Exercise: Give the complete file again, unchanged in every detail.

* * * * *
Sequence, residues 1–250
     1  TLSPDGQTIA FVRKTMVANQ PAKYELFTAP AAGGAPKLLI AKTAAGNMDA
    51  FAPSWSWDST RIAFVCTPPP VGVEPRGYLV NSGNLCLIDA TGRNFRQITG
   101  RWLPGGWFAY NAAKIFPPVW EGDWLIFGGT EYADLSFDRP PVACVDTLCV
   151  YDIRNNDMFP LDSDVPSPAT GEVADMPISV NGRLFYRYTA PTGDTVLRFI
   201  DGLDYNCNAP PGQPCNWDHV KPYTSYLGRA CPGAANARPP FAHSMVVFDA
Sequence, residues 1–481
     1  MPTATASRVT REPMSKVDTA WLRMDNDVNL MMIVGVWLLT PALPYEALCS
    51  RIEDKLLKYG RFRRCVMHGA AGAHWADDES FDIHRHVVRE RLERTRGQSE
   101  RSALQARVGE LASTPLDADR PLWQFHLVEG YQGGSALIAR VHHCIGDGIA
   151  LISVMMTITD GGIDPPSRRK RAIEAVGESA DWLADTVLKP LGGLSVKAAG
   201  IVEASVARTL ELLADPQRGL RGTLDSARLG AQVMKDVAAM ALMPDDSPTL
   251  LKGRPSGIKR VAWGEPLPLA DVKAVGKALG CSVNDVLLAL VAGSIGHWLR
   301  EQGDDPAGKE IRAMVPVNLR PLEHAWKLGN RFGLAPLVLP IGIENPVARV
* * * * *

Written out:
Sequence, residues 1–250
     1  TLSPDGQTIA FVRKTMVANQ PAKYELFTAP AAGGAPKLLI AKTAAGNMDA
    51  FAPSWSWDST RIAFVCTPPP VGVEPRGYLV NSGNLCLIDA TGRNFRQITG
   101  RWLPGGWFAY NAAKIFPPVW EGDWLIFGGT EYADLSFDRP PVACVDTLCV
   151  YDIRNNDMFP LDSDVPSPAT GEVADMPISV NGRLFYRYTA PTGDTVLRFI
   201  DGLDYNCNAP PGQPCNWDHV KPYTSYLGRA CPGAANARPP FAHSMVVFDA
Sequence, residues 1–481
     1  MPTATASRVT REPMSKVDTA WLRMDNDVNL MMIVGVWLLT PALPYEALCS
    51  RIEDKLLKYG RFRRCVMHGA AGAHWADDES FDIHRHVVRE RLERTRGQSE
   101  RSALQARVGE LASTPLDADR PLWQFHLVEG YQGGSALIAR VHHCIGDGIA
   151  LISVMMTITD GGIDPPSRRK RAIEAVGESA DWLADTVLKP LGGLSVKAAG
   201  IVEASVARTL ELLADPQRGL RGTLDSARLG AQVMKDVAAM ALMPDDSPTL
   251  LKGRPSGIKR VAWGEPLPLA DVKAVGKALG CSVNDVLLAL VAGSIGHWLR
   301  EQGDDPAGKE IRAMVPVNLR PLEHAWKLGN RFGLAPLVLP IGIENPVARV